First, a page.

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The challenges of long-distance axon regeneration in the injured CNS

The challenges of long-distance axon regeneration in the injured CNS
The challenges of long-distance axon regeneration in the injured CNS

Injury to the central nervous system (CNS) that results in long-tract axonal damage typically leads to permanent functional deficits in areas innervated at, and below, the level of the lesion. The initial ischemia, inflammation, and neurodegeneration are followed by a progressive generation of scar tissue, dieback of transected axons, and demyelination, creating an area inhibitory to regrowth and recovery. Two ways to combat this inhibition is to therapeutically target the extrinsic and intrinsic properties of the axon-scar environment. Scar tissue within and surrounding the lesion site can be broken down using an enzyme known as chondroitinase. Negative regulators of adult neuronal growth, such as Nogo, can be neutralized with antibodies. Both therapies greatly improve functional recovery in animal models. Alternatively, modifying the intrinsic growth properties of CNS neurons through gene therapy or pharmacotherapy has also shown promising axonal regeneration after injury. Despite these promising therapies, the main challenge of long-distance axon regeneration still remains; achieving a level of functional and organized connectivity below the level of the lesion that mimics the intact CNS.

CNS regeneration, glial scar , PTEN, spinal cord injury, integrins, Nogo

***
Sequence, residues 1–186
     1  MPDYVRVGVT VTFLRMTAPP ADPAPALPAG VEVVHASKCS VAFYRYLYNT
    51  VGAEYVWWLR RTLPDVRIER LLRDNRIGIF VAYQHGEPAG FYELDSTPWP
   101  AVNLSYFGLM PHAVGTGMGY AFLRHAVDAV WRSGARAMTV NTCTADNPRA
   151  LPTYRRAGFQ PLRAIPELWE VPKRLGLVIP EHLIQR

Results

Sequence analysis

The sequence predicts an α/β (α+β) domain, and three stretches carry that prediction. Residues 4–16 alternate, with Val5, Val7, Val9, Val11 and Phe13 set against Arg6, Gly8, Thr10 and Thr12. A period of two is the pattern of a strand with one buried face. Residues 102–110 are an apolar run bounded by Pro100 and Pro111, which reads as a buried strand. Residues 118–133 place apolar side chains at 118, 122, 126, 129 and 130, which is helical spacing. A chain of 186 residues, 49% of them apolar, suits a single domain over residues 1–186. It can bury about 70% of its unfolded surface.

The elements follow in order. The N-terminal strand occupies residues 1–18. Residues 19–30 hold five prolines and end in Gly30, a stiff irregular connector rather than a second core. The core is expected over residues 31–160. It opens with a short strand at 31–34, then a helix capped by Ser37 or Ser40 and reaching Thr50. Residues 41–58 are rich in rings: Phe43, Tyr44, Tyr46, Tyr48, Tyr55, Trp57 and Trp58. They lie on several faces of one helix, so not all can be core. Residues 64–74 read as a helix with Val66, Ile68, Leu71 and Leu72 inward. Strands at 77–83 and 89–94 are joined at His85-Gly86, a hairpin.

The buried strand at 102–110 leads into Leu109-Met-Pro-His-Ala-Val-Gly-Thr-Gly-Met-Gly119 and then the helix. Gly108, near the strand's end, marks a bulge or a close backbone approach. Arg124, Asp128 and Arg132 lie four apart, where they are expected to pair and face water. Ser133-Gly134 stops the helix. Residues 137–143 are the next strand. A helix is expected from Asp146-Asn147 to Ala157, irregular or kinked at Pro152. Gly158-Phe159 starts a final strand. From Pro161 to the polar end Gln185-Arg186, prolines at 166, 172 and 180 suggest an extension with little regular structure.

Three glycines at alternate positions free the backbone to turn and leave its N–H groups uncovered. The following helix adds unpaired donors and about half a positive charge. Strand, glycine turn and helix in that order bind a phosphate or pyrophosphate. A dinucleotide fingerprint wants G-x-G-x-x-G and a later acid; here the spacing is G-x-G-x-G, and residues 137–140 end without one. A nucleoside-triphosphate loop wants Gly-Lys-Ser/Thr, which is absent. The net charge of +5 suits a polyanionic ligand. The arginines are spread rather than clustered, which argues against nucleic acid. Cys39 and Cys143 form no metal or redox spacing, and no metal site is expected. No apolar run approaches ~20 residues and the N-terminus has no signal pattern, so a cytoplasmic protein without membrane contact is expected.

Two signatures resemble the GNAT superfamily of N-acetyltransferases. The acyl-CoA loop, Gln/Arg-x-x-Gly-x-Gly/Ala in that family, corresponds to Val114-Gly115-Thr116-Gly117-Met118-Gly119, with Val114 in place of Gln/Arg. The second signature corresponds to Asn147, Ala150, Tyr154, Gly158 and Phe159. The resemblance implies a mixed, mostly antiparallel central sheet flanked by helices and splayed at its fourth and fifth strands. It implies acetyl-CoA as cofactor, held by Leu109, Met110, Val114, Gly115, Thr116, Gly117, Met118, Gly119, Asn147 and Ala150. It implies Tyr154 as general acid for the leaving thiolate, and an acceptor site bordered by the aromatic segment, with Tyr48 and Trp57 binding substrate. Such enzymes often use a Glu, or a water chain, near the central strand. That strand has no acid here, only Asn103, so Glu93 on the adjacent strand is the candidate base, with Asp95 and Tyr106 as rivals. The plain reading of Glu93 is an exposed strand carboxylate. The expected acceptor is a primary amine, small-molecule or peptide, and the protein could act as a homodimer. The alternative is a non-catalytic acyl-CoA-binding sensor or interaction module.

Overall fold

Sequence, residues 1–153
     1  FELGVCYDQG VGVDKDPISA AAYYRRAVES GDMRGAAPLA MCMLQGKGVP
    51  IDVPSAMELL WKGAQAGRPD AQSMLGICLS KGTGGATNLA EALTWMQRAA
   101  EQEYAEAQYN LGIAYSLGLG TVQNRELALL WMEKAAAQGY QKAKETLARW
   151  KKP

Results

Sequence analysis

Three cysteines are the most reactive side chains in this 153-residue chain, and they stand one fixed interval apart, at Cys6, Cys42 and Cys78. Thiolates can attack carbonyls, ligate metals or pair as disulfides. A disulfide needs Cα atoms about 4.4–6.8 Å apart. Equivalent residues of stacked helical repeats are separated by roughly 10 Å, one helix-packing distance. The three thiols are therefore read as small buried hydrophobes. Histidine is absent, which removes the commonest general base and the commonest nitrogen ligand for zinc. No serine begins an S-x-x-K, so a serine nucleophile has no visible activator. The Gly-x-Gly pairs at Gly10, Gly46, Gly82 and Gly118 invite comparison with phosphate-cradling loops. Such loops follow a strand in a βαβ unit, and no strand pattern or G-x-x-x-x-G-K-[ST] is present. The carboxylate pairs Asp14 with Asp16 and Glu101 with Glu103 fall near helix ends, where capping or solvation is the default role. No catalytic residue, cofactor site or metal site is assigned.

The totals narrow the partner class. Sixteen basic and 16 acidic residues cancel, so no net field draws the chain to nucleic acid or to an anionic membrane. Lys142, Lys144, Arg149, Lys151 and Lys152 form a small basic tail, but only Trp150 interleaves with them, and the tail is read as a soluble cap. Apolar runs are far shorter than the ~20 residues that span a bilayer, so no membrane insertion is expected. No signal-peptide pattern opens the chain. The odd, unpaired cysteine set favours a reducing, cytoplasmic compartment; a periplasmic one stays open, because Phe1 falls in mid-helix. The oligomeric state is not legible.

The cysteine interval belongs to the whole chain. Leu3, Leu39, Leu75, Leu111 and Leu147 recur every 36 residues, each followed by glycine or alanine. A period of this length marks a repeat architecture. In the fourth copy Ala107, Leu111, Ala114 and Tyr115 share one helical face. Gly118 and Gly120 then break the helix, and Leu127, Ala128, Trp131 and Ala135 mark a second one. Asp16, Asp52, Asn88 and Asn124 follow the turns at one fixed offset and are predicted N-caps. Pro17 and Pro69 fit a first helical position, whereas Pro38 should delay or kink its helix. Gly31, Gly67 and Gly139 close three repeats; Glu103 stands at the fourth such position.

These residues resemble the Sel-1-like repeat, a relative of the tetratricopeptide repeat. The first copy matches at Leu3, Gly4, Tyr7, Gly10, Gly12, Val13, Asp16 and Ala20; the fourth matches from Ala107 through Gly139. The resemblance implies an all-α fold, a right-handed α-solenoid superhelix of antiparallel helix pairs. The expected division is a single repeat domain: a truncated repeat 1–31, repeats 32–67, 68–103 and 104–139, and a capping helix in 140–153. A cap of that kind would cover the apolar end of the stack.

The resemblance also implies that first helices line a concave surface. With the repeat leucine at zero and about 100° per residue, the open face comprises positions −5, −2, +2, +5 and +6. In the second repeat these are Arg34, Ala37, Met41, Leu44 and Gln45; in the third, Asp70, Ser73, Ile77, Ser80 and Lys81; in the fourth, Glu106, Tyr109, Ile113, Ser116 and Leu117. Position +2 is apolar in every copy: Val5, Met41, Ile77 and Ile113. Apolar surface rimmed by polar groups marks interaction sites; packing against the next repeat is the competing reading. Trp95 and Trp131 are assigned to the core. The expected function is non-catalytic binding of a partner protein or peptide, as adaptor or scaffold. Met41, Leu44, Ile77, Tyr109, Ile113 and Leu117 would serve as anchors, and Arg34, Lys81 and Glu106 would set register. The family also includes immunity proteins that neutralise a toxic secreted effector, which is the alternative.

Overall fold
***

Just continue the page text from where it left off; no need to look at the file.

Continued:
0079-6123
253-294
Chew, Daniel J.
9b105524-f81d-42fd-9253-950926b5b87f
Fawcett, James W.
4549730e-9f62-45b8-820b-8a9c98d1058b
Andrews, Melissa R.
ae987a2f-878e-4ae3-a7a3-a7170712096c
Chew, Daniel J.
9b105524-f81d-42fd-9253-950926b5b87f
Fawcett, James W.
4549730e-9f62-45b8-820b-8a9c98d1058b
Andrews, Melissa R.
ae987a2f-878e-4ae3-a7a3-a7170712096c

Chew, Daniel J., Fawcett, James W. and Andrews, Melissa R. (2012) The challenges of long-distance axon regeneration in the injured CNS. Progress in Brain Research, 201, 253-294. (doi:10.1016/B978-0-444-59544-7.00013-5).

Record type: Review

Abstract

Injury to the central nervous system (CNS) that results in long-tract axonal damage typically leads to permanent functional deficits in areas innervated at, and below, the level of the lesion. The initial ischemia, inflammation, and neurodegeneration are followed by a progressive generation of scar tissue, dieback of transected axons, and demyelination, creating an area inhibitory to regrowth and recovery. Two ways to combat this inhibition is to therapeutically target the extrinsic and intrinsic properties of the axon-scar environment. Scar tissue within and surrounding the lesion site can be broken down using an enzyme known as chondroitinase. Negative regulators of adult neuronal growth, such as Nogo, can be neutralized with antibodies. Both therapies greatly improve functional recovery in animal models. Alternatively, modifying the intrinsic growth properties of CNS neurons through gene therapy or pharmacotherapy has also shown promising axonal regeneration after injury. Despite these promising therapies, the main challenge of long-distance axon regeneration still remains; achieving a level of functional and organized connectivity below the level of the lesion that mimics the intact CNS.

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More information

e-pub ahead of print date: 24 November 2012
Published date: 2012
Additional Information: Copyright © 2012 Elsevier B.V. All rights reserved.
Keywords: CNS regeneration, glial scar , PTEN, spinal cord injury, integrins, Nogo
Organisations: Biomedicine

Identifiers

Local EPrints ID: 411363
URI: https://eprints.soton.ac.uk/id/eprint/411363
ISSN: 0079-6123
PURE UUID: 882dad42-219d-405c-b173-0530b52e9694
ORCID for Melissa R. Andrews: ORCID iD orcid.org/0000-0001-5960-5619

Catalogue record

Date deposited: 19 Jun 2017 16:31
Last modified: 29 Oct 2019 01:29

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